I hate flickers

These fricken flickers are killing all the trees around my cottage by eating the bottom of the trees I'm desperate. Help.

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Aug 29, 2012
They are eating bugs IN the trees.
by: Jordan

Flickers do not eat the trees themselves but rather peck at it creating holes to get at the bugs INSIDE the tree. This is actually a bad sign the there are damaging insects inside your tree already, most likely a borer. These birds will not attack healthy trees. If you have them pecking at your trees you need to treat the bugs not the birds, because even without the birds the bugs are killing your tree. Bayer systemic Tree and Shrub is a cheap and easy product to water into the ground and the tree will soak it up killing what ever insect is feeding on the inside of your tree. No bugs = no birds.

Oct 16, 2011
Flickers not killing trees
by: Anonymous

The flickers aren't killing your trees. The trees were probably dying from something else and insects took advantage of their weakened condition and set up housekeeping. The flickers are only after the insects.

Apr 25, 2011
flicker damage control
by: Anonymous

I found this online. I hope this can be useful.
Control Methods

Woodpecker damage can be prevented or eliminated with several techniques including visual repellents, loud noises, exclusion, alternate construction materials, providing nesting boxes, and as a last resort, killing. Take immediate action to reduce damage because woodpeckers are not easily driven from their territories or pecking sites once they are established.
Visual Repellents

Preliminary research indicates that 7-1/2 inch diameter shaving or cosmetic mirrors that enlarge the image and hawk silhouette mobiles are successful frightening devices.
Mirrors should be placed on the side of the house where damage occurs (see Figure 1B). Attach one or two mirrors flat to the wood with the enlarging lens outward to frighten woodpeckers. Mirrors may be purchased at drug or department stores.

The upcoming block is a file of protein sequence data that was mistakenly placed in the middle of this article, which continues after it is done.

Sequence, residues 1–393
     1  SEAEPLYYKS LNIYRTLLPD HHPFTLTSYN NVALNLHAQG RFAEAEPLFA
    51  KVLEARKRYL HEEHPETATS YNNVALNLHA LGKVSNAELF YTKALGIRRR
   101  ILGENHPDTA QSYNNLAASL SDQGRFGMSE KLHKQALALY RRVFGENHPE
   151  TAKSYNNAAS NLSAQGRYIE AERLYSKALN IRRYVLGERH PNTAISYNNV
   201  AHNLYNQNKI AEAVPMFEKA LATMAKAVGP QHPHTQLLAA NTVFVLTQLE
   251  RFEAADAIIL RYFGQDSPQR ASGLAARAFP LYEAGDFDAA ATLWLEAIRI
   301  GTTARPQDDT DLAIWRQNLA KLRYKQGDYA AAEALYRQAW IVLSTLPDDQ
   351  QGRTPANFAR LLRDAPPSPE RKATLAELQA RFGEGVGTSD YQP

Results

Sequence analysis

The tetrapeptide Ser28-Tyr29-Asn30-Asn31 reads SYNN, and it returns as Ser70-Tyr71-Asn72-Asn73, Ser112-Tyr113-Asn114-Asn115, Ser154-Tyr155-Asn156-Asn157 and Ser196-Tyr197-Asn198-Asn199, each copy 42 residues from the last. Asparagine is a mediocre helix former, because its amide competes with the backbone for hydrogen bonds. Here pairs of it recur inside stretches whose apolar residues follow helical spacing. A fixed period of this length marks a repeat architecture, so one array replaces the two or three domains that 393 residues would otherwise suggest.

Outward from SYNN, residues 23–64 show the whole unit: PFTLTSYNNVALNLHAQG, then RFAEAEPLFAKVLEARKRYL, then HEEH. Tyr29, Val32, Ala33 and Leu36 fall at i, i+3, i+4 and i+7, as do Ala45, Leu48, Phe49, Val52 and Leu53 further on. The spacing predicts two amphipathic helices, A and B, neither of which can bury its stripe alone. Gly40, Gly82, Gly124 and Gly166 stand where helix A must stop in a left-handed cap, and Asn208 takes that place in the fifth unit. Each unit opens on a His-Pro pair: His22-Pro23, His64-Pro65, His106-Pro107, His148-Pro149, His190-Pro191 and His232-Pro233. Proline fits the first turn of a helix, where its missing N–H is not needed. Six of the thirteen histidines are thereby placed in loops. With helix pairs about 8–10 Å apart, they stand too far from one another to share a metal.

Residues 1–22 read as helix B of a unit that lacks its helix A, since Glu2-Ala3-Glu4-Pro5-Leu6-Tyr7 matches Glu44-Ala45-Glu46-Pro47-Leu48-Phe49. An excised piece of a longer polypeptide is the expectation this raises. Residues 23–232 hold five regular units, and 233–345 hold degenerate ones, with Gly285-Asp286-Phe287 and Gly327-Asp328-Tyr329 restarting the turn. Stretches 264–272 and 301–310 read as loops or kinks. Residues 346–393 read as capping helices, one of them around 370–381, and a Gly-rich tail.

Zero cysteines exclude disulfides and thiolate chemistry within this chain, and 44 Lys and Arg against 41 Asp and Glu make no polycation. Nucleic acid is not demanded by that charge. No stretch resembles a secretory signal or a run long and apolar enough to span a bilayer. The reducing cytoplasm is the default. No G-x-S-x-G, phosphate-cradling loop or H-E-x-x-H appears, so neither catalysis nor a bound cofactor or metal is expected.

Hawk mobiles with a wing span of about 22 inches and a length of 11 inches, can be constructed from cardboard, 1/2 inch Styrofoam, or 1/4 inch plywood (see Figure 1A). Paint black or another dark color. Hang one hawk mobile from the eave near the damaged area with monofilament line.
Hawk mobiles
Figure 1: Hawk mobiles (A), 7-1/2-inch-diameter shaving mirrors (B), and black plastic strips (C) mounted near damage sites frighten woodpeckers. Owl effigies (D) generally are unsuccessful.
Figure 2: One method of attachment using hooks and wooden dowels. Adapted from Woodpeckers (1983), by R.E. Marsh in R.M. Timm (ed.), Prevention and Control of Wildlife Damage, Extension Service, University of Nebraska, Lincoln.

Black plastic strips (cut from 4 or 6 mil plastic) 1 to 1-1/2 inches wide and 2 to 3 feet long, Mylar strips, pinwheels with reflective vanes, or aluminum pie tins (preferably 12 inches in diameter), may also be placed near the damaged area to frighten woodpeckers. Allow the wind to blow the strips, pinwheels, and pie tins freely. Owl effigies generally are unsuccessful for frightening woodpeckers.

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